BPness: Louisiana's Beleaguered Coast

A snapshot of life since the spill

BPness: Louisiana's Beleaguered Coast
Photos by Kate X Messer

Grand Isle, La., for years buoyed by the commercial fishing and oil industries, finds itself between a fish and a slick place. How do the members of small coastal communities like this one feel now that their lives are stuck in the muck? It's very clear how Larose, La., tattoo artist Bobby Pitre feels. His traffic-stopping "God Help Us All" mural outside the Southern Sting Tattoo Parlor on Louisiana Highway 1 expresses the outrage, toward both the U.S. government and the BP corporation, that has gripped this region and unsettled the nation. Hand-scrawled signs bearing similar sentiment dot the small winding highway that meanders through Lafourche Parish down to the coast. On Grand Isle proper, an island's length of boom and a 3-foot-high sand berm demark the forbidden zone – authorities may detain and decontaminate anyone who crosses into this cleanup sector, according to security guards on watch on BP's orders all along the coastline. Each day until dinnertime, dozens of teams of dozens of workers clean the zone between the berm and the shore. Each morning, a new deadly tide of oil and destruction awaits. (See austinchronicle.com/chronolog for further coverage.)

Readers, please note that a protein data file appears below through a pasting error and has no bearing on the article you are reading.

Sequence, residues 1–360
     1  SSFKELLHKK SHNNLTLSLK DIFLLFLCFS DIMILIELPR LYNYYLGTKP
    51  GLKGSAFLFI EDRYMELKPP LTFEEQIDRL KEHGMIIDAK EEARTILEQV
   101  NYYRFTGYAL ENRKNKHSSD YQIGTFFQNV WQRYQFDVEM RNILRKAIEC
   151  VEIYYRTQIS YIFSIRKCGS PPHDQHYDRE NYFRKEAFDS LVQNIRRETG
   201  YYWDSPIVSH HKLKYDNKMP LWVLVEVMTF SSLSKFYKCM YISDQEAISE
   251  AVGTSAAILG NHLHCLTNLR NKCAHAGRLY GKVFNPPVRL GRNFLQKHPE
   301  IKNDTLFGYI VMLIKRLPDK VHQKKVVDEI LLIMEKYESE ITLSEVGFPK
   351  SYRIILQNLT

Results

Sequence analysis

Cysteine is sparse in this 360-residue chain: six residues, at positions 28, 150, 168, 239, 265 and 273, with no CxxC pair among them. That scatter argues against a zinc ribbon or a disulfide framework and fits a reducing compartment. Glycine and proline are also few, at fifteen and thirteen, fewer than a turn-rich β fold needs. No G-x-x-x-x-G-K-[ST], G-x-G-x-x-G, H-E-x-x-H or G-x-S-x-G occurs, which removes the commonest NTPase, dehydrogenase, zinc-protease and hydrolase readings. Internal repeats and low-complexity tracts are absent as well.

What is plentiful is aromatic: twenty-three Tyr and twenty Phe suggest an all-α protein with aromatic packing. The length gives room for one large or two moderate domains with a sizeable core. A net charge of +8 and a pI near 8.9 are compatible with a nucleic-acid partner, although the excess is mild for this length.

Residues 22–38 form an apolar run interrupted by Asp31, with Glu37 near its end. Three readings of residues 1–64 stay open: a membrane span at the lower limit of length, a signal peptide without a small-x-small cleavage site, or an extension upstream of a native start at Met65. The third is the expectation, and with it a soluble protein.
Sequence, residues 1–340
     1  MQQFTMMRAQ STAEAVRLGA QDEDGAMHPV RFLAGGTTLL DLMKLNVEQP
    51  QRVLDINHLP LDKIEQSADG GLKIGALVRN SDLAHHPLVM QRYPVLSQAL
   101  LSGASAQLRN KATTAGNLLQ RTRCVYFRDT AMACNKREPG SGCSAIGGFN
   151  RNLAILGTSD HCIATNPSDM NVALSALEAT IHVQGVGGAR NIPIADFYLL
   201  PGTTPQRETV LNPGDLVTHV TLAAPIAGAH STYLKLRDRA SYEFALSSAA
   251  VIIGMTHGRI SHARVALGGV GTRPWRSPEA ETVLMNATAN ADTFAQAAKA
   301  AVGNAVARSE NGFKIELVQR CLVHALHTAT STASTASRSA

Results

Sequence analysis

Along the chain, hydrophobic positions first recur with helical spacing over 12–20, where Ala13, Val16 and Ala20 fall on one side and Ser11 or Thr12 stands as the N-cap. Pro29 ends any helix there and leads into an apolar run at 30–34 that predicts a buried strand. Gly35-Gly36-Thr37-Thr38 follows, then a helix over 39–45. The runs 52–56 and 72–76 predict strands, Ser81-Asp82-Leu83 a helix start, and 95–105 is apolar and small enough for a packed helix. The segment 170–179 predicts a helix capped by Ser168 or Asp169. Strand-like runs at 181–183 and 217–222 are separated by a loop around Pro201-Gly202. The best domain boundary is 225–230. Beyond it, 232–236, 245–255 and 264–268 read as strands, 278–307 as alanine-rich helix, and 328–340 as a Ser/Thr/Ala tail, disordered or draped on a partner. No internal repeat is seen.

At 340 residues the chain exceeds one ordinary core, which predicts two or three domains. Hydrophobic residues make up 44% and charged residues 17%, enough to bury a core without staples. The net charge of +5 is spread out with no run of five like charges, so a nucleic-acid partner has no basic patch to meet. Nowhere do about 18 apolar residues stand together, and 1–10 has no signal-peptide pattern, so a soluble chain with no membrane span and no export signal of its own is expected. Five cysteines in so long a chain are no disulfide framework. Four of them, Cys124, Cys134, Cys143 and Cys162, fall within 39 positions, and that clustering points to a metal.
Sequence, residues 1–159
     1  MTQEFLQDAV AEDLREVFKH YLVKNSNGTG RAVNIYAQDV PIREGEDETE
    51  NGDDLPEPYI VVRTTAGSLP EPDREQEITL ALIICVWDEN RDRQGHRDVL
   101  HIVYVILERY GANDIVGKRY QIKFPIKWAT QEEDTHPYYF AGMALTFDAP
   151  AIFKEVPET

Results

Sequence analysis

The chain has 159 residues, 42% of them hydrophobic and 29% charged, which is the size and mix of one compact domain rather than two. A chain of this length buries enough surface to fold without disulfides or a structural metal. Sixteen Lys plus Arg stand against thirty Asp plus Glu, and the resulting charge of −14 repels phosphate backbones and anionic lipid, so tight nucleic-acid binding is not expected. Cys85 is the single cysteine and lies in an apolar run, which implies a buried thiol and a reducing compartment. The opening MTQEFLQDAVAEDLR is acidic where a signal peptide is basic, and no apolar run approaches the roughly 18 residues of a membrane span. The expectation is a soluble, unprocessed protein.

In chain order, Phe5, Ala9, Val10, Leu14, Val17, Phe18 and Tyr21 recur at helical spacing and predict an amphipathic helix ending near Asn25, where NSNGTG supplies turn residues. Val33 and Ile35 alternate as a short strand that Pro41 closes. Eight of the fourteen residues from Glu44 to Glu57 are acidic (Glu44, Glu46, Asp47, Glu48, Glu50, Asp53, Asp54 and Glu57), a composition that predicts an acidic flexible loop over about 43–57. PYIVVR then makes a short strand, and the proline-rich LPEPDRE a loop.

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More oil spill
Seeing the Invisible
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Kate X Messer, March 7, 2014

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oil spill, BP, Bobby Pitre

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